The Potter journal. (Coudersport, Pa.) 1857-1872, February 26, 1867, Image 1

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    VOLUtfS XYIII.--NUMBER 35.
THE
POTTER JOURNAL,
FCBLISRKD BT
M. W. XcALARV BT, Proprietor.
K7*Devntcd to the cause >f Republicanism, the in
ltru of A rfrioelture, the advunceme.it of Education,
and the heel *ocd ol Putter county. < "wrung no ijuide
• coept that of Principle, it will endeavor to aid iu the
Vrark of inure fully Freedomixii.g our Country.
V ilverliuementa inserted at the followtne rate-,
•xoept where specialliargaina are ra.tde. A "'-quart*
U to lines of Brevier or 8 <>t Nonpa eil types :
1 square, 1 insertion $1 50
1 square. 2 or 3 inse' tion* - -
Kach s ib.equent insertion less than 13 40
\ square, 1 year . no
Bad.Curds, t year-------- (M .
Administrator'!, <> Exec .tor e Notices 300
aud Editorial Not.c.-s [>er ime -0
"■ar All transient advertisements must be paid in
%dranee.and no notice will be taken of adve' ti-enietlts
*rm a distance, unless they are accompanied by the
money or satisfactory reference.
W3* Tob Work, of all kinds, execute 1 with neatness
•nd despatch.
BUSINESS NC)TICES.
rree and Accepted Ancient York Masons
EULALI A LODGE. No. 342, FA. M. Stated
Mee trigs on the 2i and 4U> ' ,T edues "aysot each
mouth. Hall, in the 3d Story of the < limited Block.
I).C.LARRABKg,Sec. WM. SHEAR, W.M.
O. T. ELI.I.SOY M. I.,
PRACTICING PHYSICIAN. Coudersport, Pa ,
respectfully informs ti.e citizens ol the village and
vicnitv that he will promptly respond to all calls for i
profession 1 sei vices. Otnoe on First street, firsi d<-or J
wrst of iiis residence. 17-40
JOHN S. MANN".
\ TTORNEY aND COUNSELLOR AT LAW
Coudersport, 1':.., wdl attend the several U. urts j
tu Potter and Cameron counties. Ail business en
trusted to his care will receive prompt attention. j
Office on Mam street, in residence.
4H.MSTEI) and I.AURABEE,
ATTORNEYS AT LAW, Coudersport, Penn'a
Will attend lo all business en'rusied to their |
are with prunpt ;ess and fi Klity. Wdl al-o attend :
lbs several courts iu the adj.iiii ■£ counties. Office
In the seeoud storey of the oim-ted Block.
ISAAC BENSON,
ATTORNEY- AT-LA W, Couder-port, Pa., will j
attend to all bu-iness entrusted to n ttl *itt care j
and promptness. Attend* C>u ts of adjo ning coun I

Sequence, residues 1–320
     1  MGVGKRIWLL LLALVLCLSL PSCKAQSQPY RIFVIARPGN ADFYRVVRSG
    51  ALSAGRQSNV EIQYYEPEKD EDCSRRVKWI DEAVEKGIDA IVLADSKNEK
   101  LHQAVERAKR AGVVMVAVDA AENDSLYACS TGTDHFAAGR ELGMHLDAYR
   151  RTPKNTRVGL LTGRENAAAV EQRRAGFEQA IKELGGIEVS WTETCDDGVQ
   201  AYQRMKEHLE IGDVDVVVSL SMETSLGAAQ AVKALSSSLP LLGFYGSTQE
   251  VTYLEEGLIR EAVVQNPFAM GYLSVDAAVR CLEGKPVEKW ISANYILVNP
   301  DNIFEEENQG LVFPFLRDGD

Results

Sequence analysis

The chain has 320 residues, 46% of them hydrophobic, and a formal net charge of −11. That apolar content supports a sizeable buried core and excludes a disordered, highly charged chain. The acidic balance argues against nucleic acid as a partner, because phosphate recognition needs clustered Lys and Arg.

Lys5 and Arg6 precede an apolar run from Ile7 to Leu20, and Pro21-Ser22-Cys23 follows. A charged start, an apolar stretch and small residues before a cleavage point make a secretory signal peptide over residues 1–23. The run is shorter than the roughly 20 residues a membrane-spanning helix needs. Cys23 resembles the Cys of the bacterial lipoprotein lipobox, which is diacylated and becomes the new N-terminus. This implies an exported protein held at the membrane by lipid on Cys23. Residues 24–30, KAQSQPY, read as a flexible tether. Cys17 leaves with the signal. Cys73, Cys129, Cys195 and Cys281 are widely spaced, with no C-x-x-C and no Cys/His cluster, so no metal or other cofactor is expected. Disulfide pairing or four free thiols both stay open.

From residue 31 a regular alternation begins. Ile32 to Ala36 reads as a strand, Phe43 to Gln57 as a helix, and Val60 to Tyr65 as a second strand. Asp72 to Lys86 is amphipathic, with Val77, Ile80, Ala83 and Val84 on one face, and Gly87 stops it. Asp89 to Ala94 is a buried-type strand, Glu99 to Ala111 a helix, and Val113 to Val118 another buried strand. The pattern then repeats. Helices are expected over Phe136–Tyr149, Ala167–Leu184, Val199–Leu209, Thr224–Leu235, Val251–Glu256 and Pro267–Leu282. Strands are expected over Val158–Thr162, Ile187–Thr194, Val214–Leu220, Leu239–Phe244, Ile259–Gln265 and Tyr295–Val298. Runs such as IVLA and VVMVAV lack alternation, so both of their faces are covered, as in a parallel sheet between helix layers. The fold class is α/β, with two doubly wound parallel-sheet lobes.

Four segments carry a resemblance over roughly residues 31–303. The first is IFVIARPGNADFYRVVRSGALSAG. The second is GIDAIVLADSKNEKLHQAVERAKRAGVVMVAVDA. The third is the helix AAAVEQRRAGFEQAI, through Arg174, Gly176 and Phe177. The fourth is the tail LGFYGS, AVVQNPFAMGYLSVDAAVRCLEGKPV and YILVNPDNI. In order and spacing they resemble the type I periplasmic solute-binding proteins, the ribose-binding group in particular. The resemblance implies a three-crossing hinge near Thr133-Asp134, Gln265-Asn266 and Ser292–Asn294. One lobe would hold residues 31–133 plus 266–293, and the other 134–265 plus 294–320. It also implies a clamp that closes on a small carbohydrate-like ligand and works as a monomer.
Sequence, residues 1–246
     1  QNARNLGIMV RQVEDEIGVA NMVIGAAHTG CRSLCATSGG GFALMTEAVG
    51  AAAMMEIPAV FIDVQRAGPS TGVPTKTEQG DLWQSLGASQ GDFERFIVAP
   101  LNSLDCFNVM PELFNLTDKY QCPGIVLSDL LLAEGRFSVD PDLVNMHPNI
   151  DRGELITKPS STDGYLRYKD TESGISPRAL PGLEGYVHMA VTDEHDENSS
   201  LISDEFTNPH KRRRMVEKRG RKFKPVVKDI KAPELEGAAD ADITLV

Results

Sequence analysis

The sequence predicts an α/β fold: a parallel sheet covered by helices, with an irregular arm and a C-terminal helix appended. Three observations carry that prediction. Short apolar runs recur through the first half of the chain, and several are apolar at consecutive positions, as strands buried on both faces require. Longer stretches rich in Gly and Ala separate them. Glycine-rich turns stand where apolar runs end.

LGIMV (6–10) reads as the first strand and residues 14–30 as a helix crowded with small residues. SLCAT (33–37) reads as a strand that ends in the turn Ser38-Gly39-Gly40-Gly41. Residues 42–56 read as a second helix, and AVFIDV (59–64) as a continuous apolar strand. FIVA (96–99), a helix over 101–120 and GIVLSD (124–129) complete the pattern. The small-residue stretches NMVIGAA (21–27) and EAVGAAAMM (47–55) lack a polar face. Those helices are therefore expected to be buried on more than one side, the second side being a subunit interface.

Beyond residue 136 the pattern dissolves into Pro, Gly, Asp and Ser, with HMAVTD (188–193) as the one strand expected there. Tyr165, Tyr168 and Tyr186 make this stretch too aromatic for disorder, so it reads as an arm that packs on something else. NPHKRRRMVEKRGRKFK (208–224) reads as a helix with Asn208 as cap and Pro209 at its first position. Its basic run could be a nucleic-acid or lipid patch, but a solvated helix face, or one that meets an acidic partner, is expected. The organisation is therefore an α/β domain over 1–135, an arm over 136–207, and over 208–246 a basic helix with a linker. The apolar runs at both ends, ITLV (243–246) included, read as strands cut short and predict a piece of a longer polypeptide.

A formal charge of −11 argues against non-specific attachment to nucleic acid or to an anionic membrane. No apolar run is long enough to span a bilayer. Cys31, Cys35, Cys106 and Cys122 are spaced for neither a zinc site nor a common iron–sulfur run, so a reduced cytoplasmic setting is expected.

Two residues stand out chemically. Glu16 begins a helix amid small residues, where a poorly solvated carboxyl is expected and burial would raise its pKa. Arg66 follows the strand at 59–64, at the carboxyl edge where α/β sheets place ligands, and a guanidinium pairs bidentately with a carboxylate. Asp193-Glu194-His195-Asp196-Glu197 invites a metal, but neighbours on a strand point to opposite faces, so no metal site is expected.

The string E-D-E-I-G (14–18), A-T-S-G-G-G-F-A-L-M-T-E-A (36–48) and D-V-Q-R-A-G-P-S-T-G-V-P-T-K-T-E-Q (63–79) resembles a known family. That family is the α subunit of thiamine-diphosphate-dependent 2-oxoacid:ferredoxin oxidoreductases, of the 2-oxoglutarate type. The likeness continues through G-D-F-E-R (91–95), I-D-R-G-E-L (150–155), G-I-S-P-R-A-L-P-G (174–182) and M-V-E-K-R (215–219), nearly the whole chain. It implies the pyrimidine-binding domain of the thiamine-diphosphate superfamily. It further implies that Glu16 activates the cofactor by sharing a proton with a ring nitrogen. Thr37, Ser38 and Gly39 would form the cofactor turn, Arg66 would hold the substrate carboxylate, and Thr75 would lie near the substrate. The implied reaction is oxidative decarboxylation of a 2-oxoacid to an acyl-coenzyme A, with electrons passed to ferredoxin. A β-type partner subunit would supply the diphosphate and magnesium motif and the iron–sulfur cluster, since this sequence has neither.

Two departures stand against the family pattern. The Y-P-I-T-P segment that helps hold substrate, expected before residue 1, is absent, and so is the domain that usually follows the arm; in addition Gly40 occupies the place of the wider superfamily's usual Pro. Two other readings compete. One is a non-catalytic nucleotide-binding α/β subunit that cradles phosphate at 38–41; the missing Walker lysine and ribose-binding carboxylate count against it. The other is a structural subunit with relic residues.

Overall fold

tits. Office on Second st reel,near the Allegany bridgi j
r. W. KNOX,
VTTORNEY AND COUNSELLOR AT LAW
Cou'ersport, Pa., w 11 attend the courts in Pot- !
'.r nd 'he adjn n: ir fount < *
F. I St ITTF.It. >l. !..
XJIIYSICIAN and Surgeon svo dd respec'fully In- ,
f form the citiz-ns of Cuud.-rs, ort and vicinity j
w*t he ha* op-wed an Office in the Cuudeigport i
Hotel, and will be retdv a! a I f.m. s to m ike pro i
fessional calls. He i* a regular graduate of Bull ilc
Medical Co lege of 1863. Jan 1 17.
ELLISON" A TiIOMI'sOX,
DEALERS in Dm gs, Medicines, Paints, fill*. I
Varnisi.es, Lmi,s and '-'aiic. art c.es, Book - ui
mn Minds —School and Miss-llaueous, Slariouery , I ks
Ac. In M iiinliigs old Jewelry Stme. Jan- 1. 'B7.
MILIAR A McALAUN LY,
A TTOR EYS-AT LAW. 11 uiM*rro, Penn'a
J\_ Agent* for the Collection of Claims agaii st die
Luited Mates and *tate.overnment-,iu n asi'eusions.
Bounty, Arrears of Pay, Ac-Address 8..x 95, un-i-tont
\r H MILt.BR, •' ■ p M Al. ArX K V <
M. XV. MeALABIEY,
REAL ESTATE and INSUR .NCE AGENT !
Land Boight and Sold, Taxes paid aud Titles ;
Investigated. Insures property against tire in th- best |
compauie* in the Country, ami Personsaca n-t Aeci
dents In the Tr.velera Insurance Company of llart
ford. Business transacted promytlv 17 29
C. 11. ARMSTRONG,
HARDWARE Mercnant, and Dealer in S oves,
Tin and Sheet I run Ware Main street, touder
• port, Penn'a. Tin and Sheet Iron Ware made to
• r ier, in good style, on sh-rt notice.
I\ A. STEltltl N'S A Co.,
MERCHANTS— Dealers in Dry Goods, Fancy
Goods, Groceries.Provision-,Flour,Feed,Pork,
and everything usudly k- pt In a good country stme
Produce limitriit and s"ld 17 29
C. 11. SIMMONS,
MERCHANT -WELLSVILLE n Y, whole
sale and Retail Dealer in Dry Goo Is, Fancy and
Staple Gno Is Clothintf . Ladies DressGuods Groceries
Flour, Feed, Ac. R toilers supplied m liberal terms ,
CHARLES S. JONES.
MERCHANT— Healers in Drugs Medicines, ''nlnts. !
Oils, Fancy Articles, S ationery, Dry Goods, j 1
Orreries, *e.. Main Str-et. l eudersport. Pa
1. F.. OLMSTED.
"\ TERCn ANT—Dealer in Dry Goods, Ready-made
3L 01 thing, Crockery, Groceries, Fb-ur, Feed,
Port, Provisions, Main street, Cou lerspoit. Pa
COLLINS SMITH,
MERCHANT— Dealer in Dry Goods. G r ocerie.
Provisions, llardwa-e. Queens ware, Cutlery,
and all G'hi is n-ually found in a country store, n'fil